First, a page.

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California

Brown vetoes tax credit that would have eased seismic retrofitting costs

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California Gov. Jerry Brown, accompanied by staff members, has a Sunday deadline to deal with the remaining bills passed by lawmakers in the final days of this year’s legislative session.

(Rich Pedroncelli / Associated Press)

Delivering a blow to Mayor Eric Garcetti’s plan to improve seismic safety throughout Los Angeles, Gov. Jerry Brown on Saturday vetoed legislation offering tax credits for property owners seeking to bolster structures at risk of collapsing in a big earthquake.

Los Angeles on Friday enacted the nation’s most sweeping seismic regulations, requiring that an estimated 15,000 concrete buildings and wooden structures with weak first floors be retrofitted so that they could better withstand violent shaking. Garcetti and others had viewed tax credits as a possible way of easing the financial burden.

Brown said the state’s finances remained too precarious to expand such credits.

“Given [the] financial uncertainties, I cannot support providing additional tax credits that will make balancing the state’s budget even more difficult,” he said in a statement about his veto of this and other bills that would have created new credits or expanded existing ones.

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Garcetti expressed disappointment with the veto but vowed to push to find ways to reduce the financial load of seismic retrofitting on building owners and tenants.

“Every dollar we invest today saves lives and property when the next big one hits,” Garcetti said in a brief statement.

Under the new Los Angeles law, which the City Council passed unanimously, property owners will have seven years to fix wooden apartments and 25 years to repair concrete buildings. The city has already identified about 13,500 apartment complexes that officials suspect need retrofitting. A Times investigation in 2013 found more than 1,000 older concrete structures — including landmark buildings in downtown, Hollywood and Westwood — that require close scrutiny.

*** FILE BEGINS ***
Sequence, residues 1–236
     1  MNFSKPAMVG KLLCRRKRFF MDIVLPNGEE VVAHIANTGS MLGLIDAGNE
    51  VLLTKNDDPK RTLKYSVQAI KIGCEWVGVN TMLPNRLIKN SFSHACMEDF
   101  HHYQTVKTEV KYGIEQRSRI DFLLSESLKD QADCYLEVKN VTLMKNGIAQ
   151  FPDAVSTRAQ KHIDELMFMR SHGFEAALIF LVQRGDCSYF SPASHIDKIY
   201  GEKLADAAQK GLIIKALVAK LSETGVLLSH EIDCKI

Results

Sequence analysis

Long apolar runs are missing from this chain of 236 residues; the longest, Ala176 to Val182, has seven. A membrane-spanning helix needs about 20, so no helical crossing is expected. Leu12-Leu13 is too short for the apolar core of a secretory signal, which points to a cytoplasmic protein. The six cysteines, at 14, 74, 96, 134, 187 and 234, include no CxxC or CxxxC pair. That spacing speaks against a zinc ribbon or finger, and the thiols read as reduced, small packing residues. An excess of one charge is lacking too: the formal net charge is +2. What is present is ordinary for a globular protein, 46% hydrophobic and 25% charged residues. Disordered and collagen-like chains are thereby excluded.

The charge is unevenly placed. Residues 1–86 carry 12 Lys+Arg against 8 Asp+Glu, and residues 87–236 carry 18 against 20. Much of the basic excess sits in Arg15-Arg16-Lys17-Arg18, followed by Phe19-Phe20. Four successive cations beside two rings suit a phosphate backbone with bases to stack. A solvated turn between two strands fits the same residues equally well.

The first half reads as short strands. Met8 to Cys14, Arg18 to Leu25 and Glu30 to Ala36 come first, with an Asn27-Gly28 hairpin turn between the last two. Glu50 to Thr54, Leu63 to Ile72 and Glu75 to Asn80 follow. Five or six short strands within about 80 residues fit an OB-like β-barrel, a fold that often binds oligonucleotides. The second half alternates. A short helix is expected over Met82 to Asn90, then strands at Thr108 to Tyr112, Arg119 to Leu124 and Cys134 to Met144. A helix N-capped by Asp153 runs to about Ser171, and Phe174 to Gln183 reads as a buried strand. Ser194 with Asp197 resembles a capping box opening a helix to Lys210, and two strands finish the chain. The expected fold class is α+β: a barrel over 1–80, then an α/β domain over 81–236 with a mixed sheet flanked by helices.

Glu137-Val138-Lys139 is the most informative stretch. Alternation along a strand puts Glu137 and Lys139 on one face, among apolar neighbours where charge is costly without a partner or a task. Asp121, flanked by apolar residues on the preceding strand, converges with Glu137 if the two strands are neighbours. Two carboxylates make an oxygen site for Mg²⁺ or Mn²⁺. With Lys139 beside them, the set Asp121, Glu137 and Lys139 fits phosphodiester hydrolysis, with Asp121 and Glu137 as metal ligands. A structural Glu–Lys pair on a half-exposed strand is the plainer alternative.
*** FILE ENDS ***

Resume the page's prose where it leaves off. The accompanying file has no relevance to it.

Owners will be required to find a way to pay for the work, which can range from $60,000 to $130,000 for wood apartments and millions of dollars for large concrete towers.

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The city’s housing department has suggested that renters and owners evenly split the cost of repairs, with owners allowed to charge a monthly maximum surcharge of $38 to pay for the retrofitting.

The bill that Brown vetoed would have used tax credits to offset 30% of the cost of seismic improvements. City officials in San Francisco also have made the retrofitting of vulnerable buildings a high priority.

“I’m disappointed,” said Assemblyman Adrin Nazarian, the Sherman Oaks Democrat who had proposed the bill. “Often I agree with the governor on fiscal issues; however, California is on borrowed time. An earthquake will strike, and the cost we pay for preventable damage will far exceed this modest tax credit.”

Nazarian said his goal had been “to at least start something, to start with one step, and then … when we saw it was really helping out our constituents, to grow it over time.”

He added that he looked forward to working with Brown to ensure that California “prioritizes seismic retrofitting in next year’s budget.”

martha.groves@latimes.com

Twitter: @MarthaGroves


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